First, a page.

Pronunciation:

Example:




Atumpan
A type of African talking drum. Played in pairs, these drums provide the bass part in Adowa dance ensembles. These drums are also found in Fontomfrom ensembles. The atumpan is played either with one's bare hands or L-shaped sticks.

*Usually considered a traditional instrument of Africa.

Pronunciation:




Autoharp
A strummed instrument with strings stretched across a resonating box. Buttons on th autoharp control bars that dampen all strings except the ones needed to produce a desired chord.




Bagpipe
A wind instrument that is played by blowing air into a pipe leading to the windbag. Air squeezed from the bag into reed pipes. One pipe has finger holes that used to play the melody. The other pipes, called drones, are used to continuously sound one tome each.

*Usually considered a traditional instrument of Scotland.

Pronunciation:

Example:




Balofon
A gourd-resonated xylophone, originally from West Africa.

*Usually considered a traditional instrument of Africa.

Pronunciation:

Example:




Banjo
A stringed instrument in the guitar family with a long neck, five strings and a round body like a tambourine with an open back. A banjo's strings are strummed or plucked with the fingers.

*Usually considered a traditional instrument of Africa.

Pronunciation:

Example:




Bass Drum
The largest drum. It stands upright and is hit on the side. It is used in both orchestras and marching bands.

Pronunciation:

Example:




Bassoon
This long, narrow woodwind instrument has a double reed. Its wooden tube is doubled back on itself to reduce its height and ends with a bell that points up. Bassoons play the low notes in the woodwind family.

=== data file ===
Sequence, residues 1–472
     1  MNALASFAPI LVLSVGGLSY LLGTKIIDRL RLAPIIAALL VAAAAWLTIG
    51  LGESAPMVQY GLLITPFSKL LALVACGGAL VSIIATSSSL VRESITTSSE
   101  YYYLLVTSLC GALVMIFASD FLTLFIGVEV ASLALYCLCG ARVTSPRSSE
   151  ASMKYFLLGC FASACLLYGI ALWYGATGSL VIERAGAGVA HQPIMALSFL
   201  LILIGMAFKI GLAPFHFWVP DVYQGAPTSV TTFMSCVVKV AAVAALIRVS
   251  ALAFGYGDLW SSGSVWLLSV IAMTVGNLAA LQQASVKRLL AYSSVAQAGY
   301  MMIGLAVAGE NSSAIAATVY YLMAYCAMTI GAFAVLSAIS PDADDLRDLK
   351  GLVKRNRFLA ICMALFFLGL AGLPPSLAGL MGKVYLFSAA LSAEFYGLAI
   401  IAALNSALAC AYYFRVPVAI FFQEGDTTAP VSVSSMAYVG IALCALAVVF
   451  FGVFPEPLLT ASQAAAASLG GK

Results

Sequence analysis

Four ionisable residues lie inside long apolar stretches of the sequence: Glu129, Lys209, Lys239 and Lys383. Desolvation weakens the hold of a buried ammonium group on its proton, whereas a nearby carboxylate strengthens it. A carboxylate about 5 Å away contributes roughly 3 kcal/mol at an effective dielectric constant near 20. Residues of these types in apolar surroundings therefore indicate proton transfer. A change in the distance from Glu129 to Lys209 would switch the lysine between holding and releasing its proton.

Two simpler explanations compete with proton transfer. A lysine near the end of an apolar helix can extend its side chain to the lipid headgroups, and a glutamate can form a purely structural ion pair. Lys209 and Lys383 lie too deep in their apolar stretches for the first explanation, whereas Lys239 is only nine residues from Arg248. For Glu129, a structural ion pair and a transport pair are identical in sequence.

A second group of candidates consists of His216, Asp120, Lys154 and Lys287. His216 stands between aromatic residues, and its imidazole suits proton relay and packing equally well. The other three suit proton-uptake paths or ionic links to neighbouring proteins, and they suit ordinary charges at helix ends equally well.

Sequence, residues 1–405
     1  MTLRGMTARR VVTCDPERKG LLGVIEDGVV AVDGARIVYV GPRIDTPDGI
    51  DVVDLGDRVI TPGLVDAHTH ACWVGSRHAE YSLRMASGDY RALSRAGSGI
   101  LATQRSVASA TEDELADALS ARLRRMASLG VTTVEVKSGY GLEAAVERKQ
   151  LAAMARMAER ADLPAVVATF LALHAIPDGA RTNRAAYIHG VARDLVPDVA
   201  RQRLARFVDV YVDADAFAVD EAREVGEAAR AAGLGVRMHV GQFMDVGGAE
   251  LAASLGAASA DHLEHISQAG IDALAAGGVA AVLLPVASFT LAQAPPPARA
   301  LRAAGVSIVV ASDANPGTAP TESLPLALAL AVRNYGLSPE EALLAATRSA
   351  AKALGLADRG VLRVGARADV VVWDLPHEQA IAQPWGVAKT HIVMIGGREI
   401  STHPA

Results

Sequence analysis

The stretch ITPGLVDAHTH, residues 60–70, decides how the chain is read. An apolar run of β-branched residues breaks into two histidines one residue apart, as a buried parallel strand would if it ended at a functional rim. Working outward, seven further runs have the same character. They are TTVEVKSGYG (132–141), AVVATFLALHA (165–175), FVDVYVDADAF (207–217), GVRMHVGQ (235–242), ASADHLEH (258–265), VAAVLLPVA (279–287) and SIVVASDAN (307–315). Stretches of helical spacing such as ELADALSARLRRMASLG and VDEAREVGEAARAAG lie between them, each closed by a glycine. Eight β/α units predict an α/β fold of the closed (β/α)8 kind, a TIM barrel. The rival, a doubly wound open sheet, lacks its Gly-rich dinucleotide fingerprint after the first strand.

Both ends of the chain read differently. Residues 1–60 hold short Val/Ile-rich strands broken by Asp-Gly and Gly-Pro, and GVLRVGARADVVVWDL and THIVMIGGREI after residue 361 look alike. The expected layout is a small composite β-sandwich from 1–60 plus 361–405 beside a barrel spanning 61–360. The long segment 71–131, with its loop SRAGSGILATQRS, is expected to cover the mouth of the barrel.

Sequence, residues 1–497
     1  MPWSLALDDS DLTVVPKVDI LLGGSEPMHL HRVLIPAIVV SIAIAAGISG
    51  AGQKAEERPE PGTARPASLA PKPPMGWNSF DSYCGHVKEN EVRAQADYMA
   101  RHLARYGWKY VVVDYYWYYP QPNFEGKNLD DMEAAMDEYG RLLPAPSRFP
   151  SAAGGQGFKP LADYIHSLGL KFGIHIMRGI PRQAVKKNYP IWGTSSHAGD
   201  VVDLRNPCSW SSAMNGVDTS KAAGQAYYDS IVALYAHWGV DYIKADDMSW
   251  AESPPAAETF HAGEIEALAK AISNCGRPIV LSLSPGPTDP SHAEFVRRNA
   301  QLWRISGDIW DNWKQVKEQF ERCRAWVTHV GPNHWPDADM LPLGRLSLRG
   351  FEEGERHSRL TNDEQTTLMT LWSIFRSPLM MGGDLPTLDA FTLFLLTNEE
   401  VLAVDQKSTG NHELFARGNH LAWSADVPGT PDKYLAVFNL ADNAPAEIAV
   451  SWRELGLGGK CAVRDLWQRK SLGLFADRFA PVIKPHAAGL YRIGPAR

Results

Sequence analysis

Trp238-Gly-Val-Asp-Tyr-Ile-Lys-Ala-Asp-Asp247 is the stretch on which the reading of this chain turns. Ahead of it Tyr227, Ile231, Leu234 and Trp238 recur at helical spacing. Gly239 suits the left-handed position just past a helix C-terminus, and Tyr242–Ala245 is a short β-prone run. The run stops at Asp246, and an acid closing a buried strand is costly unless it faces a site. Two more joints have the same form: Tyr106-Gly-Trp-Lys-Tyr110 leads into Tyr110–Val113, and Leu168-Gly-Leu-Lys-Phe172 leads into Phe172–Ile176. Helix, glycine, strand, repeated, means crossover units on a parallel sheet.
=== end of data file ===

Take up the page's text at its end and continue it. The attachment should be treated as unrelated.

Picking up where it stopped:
Pronunciation:

Example:




Bells
A collection of bells that are worn, often around the ankle of a traditional dancer

*Usually considered a traditional instrument of North America.

Pronunciation:

Example:




Biwa
A Japanese short-necked lute, often used in narrative storytelling.

*Usually considered a traditional instrument of Japan.

Pronunciation:




Bodhran
An Irish drum whose construction includes two perpendicular pieces of wood at the back used to hold the instrument. It is most commonly played with a stick that has a knob at one or both ends.

*Usually considered a traditional instrument of Ireland.




Carillon
A set of bells in a church or bell tower that are played using a keyboard.

Pronunciation:

Example:




Castanets
A Spanish percussion instrument that consists of two small shell shaped pieces of wood held together with string. The strings of the castanets are looped over the thumb. Sound is created by clicking the two shells together using the other ingers.

*Usually considered a traditional instrument of Spain.




Celesta
A keyboard instrument with tuned metal bars. When a key on the keyboard is pressed, a hammer hits a metal bar to produce a tone.

Pronunciation:

Example:




Cello